Enter the G410 Atlas Spectrum. This gaming keyboard would earn those stripes simply for the fact that it lets me get to my mouse without creating an awkward wrist or shoulder angle. That narrower width isn’t the only distinctive thing about this keyboard. Logitech uses its proprietary Romer-G switches under each of the G410’s keys. Unlike the feathery, linear Cherry MX Red switches in my daily-driver Corsair K70 RGB, these switches combine a fairly light weight with a tactile bump that feels a tad crisper than the MX Browns in my now-retired Kinesis ergonomic board.
The Romer-G switches felt a tad weird after such a long time with the linear MX Reds in the K70 RGB, but I quickly warmed up to them. Each keystroke feels positive thanks to the tactile bump. Each key is also individually backlit, and somehow, Logitech’s RGB LEDs seem more vivid than other RGB lighting I’ve seen. That may be because each Romer-G switch has an LED right in the center of the switch post, combined with some kind of lens on top that may serve to focus the light better. As a result, it seems like more of each LED’s photons are directed up and out of the key cap.
Cherry’s MX RGB LED switches use an LED mounted toward the top of each translucent switch housing, and that housing then serves to diffuse the light both around and up through the key cap. That’s a cool effect in itself, but I prefer the more focused, vivid light from the Romer-G switches. No, the Cherry and Logitech switches aren’t functionally different from one another, but if you’re obsessed with the quality and intensity of light like I am, Logitech’s approach simply looks better.
Each of the G410’s LEDs are individually customizable in Logitech’s Gaming Software utility. The company also includes several baked-in animation effects for the folks who just want to see scrolling rainbow patterns on their keyboards without any effort.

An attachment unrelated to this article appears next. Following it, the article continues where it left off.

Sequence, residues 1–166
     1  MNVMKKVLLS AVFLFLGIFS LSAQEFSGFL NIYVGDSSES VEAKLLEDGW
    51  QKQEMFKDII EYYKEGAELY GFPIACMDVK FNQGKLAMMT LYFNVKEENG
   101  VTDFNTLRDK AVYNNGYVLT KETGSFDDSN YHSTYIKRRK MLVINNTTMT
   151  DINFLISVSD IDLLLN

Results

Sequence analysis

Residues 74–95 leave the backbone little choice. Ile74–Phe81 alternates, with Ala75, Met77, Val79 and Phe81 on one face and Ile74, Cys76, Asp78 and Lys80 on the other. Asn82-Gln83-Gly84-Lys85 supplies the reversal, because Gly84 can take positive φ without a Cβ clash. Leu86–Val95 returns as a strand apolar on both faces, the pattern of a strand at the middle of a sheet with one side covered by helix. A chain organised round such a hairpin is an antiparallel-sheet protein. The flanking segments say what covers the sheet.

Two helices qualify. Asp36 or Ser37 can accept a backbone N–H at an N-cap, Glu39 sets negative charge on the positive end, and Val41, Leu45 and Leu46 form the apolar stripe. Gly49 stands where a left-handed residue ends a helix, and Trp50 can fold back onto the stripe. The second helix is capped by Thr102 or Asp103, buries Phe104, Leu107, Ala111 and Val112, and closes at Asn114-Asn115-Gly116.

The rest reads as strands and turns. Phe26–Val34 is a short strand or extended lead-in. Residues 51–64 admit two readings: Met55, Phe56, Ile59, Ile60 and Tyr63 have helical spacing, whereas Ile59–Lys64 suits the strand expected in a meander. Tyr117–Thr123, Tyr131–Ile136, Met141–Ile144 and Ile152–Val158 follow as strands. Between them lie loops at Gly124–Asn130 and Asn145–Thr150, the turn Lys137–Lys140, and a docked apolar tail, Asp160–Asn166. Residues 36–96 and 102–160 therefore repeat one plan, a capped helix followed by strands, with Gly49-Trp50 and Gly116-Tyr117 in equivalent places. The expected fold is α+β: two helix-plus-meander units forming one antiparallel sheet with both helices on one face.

A couple other touches on the G410 make this board feel worthy of its “gaming” label. Its four large rubber feet mean it won’t slide around your desk at all, even during regular typing. Logitech also includes a slide-out dock in the base of this board that can hold a phone running the company’s ARX Control software. This app can display at-a-glance info about custom key and button profiles on all of the Logitech hardware connected to a given PC, and it can also display system stats like CPU and RAM usage. Neat.
Mouse: Logitech G502 Proteus Core
For the Breadbox’s mouse, I figured: why mess with what works? I already use Logitech’s own G502 in all of my day-to-day computing, so I’m happy to pair another one with this system. The G502 has Logitech’s trademark dual-mode scroll wheel on board, along with buttons for on-the-fly DPI switching, back and forward buttons, and a “sniper” button that temporarily drops the mouse’s DPI when extra precision is needed. The G502’s optical sensor can be set to track at resolutions anywhere from 200-12,000 DPI in 50-DPI intervals, though I prefer a saner 800 DPI for general-purpose mousing.
All of those buttons can be assigned to dozens of different functions in Logitech’s Gaming Software utility, and if the baked-in button settings aren’t enough, Logitech gives owners the ability to assign simple keyboard shortcuts and more complex macros to the G502’s buttons. I just wish the light-up “G” logo on the palm rest was backlit with an RGB LED. The single-tone blue light starts to look out of place if you play with the lighting settings on the G410 keyboard at all. Yes, this is a minor complaint.
Gamers can customize the G502’s mass to taste, as well, thanks to an included pack of weights that can vary the mouse’s base weight by up to 18 grams. Even better, these weights can be placed toward the front or rear of the mouse to vary its center of gravity. I personally like to use two of these weights toward the rear of the mouse to counteract the hefty scroll wheel mechanism’s mass.
Headset: Logitech G633 Artemis Spectrum
I already keep a relatively high-end, open-back stereo headset hooked up to my main PC at all times, so I was curious to see how Logitech’s $150 G633 Artemis Spectrum compared to that pair of cans for the Breadbox.
Unlike my stereo headset, the G633 bristles with programmable buttons, customizable RGB LED lights, and whiz-bang audio-processing tech. In its most fancy mode of operation, this headset plugs into a PC with a USB cable, and its onboard settings are all managed using the same Gaming Software utility as the G410 and G502. Those LEDs may not be necessary, but they do look neat.